People who are lower on the social totem pole are more likely to crave fatty foods, new research has found.
These findings, published in Proceedings of the National Academy of Sciences, show that it is often feelings of social inferiority that cause people to desire and consume unhealthy foods.
While past research shows that people lower on the economic spectrum tend to be obese more often than those with a higher social status, there has been little documentation regarding the cause of it.
Researchers Bobby Cheon and Ying-Yi Hong of Nanyang Technological University in Singapore and the Chinese University of Hong Kong conducted four studies that showed the likely factor was feelings of inferiority.
During the studies, researchers asked volunteers to imagine their place on the social and economic ladder. Some were asked to imagine a lower status, while others were encouraged to picture themselves near the middle or top.
The volunteers then answered a series of questions about their desire for foods at an imaginary buffet and which foods they craved the most. One of the experiments even invited volunteers to an actual buffet where they could choose from a variety of foods.
The studies revealed that volunteers who imagined a lower social status not only pictured themselves eating more at the buffet, but they also consumed more food when visiting the buffet in person.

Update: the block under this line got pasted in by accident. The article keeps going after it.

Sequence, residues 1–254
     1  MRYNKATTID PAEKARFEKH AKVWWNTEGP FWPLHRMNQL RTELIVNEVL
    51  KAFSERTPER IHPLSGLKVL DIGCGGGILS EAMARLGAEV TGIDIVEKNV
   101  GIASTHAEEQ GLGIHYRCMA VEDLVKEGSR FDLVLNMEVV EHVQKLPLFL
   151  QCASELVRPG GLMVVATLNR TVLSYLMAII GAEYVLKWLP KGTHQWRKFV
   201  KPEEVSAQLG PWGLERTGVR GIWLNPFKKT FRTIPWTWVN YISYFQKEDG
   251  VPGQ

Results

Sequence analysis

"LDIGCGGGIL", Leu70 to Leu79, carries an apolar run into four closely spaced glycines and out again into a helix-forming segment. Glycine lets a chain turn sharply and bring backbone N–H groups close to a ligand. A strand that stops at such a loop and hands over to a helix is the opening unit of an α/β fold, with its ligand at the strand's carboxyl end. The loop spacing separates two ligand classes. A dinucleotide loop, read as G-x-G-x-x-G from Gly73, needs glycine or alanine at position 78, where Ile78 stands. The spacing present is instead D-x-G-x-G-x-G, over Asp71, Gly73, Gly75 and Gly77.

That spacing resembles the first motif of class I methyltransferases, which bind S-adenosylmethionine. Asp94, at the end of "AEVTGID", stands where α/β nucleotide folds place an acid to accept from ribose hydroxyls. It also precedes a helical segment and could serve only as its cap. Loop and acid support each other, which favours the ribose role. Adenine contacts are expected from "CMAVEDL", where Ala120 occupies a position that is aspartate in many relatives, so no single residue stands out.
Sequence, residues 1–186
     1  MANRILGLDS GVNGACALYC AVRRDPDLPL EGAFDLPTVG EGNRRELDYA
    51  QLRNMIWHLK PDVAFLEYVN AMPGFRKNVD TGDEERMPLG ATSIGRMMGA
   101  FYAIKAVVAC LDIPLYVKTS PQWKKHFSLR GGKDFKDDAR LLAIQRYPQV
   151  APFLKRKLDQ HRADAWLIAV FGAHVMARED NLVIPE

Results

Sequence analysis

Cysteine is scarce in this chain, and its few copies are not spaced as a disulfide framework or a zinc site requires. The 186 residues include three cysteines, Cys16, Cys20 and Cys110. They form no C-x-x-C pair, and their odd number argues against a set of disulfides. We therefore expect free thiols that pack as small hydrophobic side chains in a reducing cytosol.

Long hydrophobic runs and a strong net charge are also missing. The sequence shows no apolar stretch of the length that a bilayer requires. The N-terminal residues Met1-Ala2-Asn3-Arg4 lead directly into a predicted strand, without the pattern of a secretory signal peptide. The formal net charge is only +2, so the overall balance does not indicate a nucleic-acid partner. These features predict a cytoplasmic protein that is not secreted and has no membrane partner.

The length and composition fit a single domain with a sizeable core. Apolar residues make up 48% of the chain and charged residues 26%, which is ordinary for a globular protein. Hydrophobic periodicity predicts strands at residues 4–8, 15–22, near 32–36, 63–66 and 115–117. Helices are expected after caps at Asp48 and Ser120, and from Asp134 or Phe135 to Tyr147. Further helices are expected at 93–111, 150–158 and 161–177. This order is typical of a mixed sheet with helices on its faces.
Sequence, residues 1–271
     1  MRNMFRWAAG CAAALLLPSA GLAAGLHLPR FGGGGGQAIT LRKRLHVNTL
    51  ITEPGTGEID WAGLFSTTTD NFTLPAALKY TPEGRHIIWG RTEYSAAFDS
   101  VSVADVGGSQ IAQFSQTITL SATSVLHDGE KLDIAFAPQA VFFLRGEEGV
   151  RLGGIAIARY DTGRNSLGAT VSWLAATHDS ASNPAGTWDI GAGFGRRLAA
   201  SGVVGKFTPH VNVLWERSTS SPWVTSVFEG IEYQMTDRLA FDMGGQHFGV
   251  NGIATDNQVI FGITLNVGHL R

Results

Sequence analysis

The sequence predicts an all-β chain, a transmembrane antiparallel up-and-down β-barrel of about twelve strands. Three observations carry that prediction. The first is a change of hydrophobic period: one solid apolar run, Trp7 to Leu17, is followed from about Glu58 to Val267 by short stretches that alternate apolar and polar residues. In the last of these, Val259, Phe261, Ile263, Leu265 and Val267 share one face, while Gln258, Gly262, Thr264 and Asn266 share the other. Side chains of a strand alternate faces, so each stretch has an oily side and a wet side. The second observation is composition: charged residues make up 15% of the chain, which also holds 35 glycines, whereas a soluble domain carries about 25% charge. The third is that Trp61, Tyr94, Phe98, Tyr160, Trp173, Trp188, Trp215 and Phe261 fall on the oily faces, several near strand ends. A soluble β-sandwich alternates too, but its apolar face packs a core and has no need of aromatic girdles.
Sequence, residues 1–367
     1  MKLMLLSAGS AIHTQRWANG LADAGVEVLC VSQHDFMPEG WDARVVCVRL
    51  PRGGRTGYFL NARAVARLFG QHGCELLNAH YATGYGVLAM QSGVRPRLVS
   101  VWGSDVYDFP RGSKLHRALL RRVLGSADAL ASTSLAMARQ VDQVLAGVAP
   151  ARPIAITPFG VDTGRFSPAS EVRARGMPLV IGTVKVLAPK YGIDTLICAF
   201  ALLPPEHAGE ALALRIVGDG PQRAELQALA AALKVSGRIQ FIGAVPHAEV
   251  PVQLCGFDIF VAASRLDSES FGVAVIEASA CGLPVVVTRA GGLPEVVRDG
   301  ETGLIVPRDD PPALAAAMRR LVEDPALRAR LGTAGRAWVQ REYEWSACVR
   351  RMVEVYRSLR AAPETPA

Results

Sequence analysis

“Across four studies we found that participants who were experimentally induced to feel low socioeconomic status subsequently exhibited greater automatic preferences for high-calorie foods,” the researchers wrote.
The study also notes that the volunteers who imagined a higher social status consumed fewer calories.
So, why does social inferiority evoke this type of behavior? The researchers suggest the answer could derive from adaptive history – when people who didn’t have a reliable food source ate more when it was available, focusing on fattier foods that could be burned during lesser times.
Wealth and social status act as buffers or insurance against pressures, the researchers explained. An adaptive response may be to seize other key resources for survival that may be available, such as food.